Foo the Flowerhorn: First video is an amazing documentary record of on year in the development of his hump under the care of a pampering owner.

Foo the Flowerhorn: First video is an amazing documentary record of on year in the development of his “kok” (nuchal hump) under the care of a pampering owner.

Whatever you happen to think of Flowerhorn Cichlids, they can put on a flamboyant show—and even learn tricks. The four videos in this collection give some insights into the life of “Foo the Flowerhorn,” and his meticulous, unnamed keeper. This aquarist is a stickler for clean water and excellent husbandry, and it shows in the videos.

How to Grow Flowerhorn Hump, Kok, Head – 1 Year Growth
Published on Dec 20, 2015

How to Train a Flowerhorn to Follow Your Finger

Different Types of Aquarium Filters – Pros and Cons

Aquarium Water Change – Match Temperature (for Flowerhorn)

Flowerhorn Cichlids: Background and Controversies (Wikipedia/Editor’s Pick)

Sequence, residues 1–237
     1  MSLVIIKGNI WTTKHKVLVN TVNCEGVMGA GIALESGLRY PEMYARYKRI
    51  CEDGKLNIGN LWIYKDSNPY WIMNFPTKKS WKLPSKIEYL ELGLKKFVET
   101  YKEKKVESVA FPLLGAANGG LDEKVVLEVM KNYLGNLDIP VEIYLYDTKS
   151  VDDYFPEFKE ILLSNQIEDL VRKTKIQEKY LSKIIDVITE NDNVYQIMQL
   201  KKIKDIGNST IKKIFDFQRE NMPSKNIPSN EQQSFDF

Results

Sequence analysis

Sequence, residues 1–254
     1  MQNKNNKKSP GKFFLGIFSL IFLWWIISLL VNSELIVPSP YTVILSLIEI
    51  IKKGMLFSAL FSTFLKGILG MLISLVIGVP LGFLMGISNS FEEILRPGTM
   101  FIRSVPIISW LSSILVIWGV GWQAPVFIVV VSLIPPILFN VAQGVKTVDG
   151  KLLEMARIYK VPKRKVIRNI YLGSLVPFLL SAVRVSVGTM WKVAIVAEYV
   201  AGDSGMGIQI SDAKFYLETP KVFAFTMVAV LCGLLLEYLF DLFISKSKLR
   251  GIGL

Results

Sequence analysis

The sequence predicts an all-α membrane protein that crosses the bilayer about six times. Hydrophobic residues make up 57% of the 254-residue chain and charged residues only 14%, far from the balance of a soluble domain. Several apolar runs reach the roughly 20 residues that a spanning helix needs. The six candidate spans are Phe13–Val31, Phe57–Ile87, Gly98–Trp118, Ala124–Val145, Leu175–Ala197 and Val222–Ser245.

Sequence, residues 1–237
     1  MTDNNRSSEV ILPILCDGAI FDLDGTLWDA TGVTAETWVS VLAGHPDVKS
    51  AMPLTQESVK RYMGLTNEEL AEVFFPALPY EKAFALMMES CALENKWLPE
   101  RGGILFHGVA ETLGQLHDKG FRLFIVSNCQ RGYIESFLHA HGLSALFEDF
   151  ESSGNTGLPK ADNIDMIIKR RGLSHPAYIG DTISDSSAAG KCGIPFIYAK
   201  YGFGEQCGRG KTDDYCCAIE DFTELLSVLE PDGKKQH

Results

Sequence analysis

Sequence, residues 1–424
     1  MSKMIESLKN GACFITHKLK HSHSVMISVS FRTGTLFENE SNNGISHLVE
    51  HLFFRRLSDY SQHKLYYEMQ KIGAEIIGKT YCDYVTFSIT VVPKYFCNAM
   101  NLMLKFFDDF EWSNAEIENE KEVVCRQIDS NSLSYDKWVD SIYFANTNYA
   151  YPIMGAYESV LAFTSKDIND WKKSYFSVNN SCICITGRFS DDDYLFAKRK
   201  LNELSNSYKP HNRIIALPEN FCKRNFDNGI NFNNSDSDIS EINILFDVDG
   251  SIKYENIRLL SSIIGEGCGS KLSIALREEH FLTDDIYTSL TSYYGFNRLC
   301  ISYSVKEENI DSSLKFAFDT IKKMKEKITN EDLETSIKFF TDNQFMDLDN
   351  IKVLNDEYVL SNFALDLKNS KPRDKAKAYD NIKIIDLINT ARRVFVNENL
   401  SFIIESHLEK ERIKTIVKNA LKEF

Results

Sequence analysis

Excerpt:  “Flowerhorn cichlids are ornamental aquarium fish noted for their vivid colors and the distinctively shaped heads for which they are named. Their head protuberance, or kok, is formally termed a “nuchal hump.” Like blood parrot cichlids, they are man-made hybrids that do not exist in the wild. First developed inMalaysia, Thailand, and Taiwan, they became very popular with Asian fish hobbyists. They are also kept by hobbyists in the US and Europe, but their importation is banned in Australia.” (Source: Wikipedia: Flowerhorn Cichlid)

Nuchal Humps: Forum discussion on of what they are and what functions they perform

Excerpt: One differentiating anatomical characteristic between male and female peacock bass is that male peacock bass develop a prominent hump (see image next page) on their head during the spawn, its purpose is the source of much speculation. Some suggest this hump might serve as a natural weapon, used as a battering ram when engaged in battle with other males and to protect fry and territory. Others suggest that this is a source of protein or fat used to feed developing fry. Dr. Kirk Winemiller, a Texas A & M fisheries biologist and peacock bass expert, suggests that it is a hormonal induced structure that might make the male more appealing to the females of the species such as the mane of a large male lion. (Source: thread on Nuchal Humps

Videos by Foo the Flowerhorn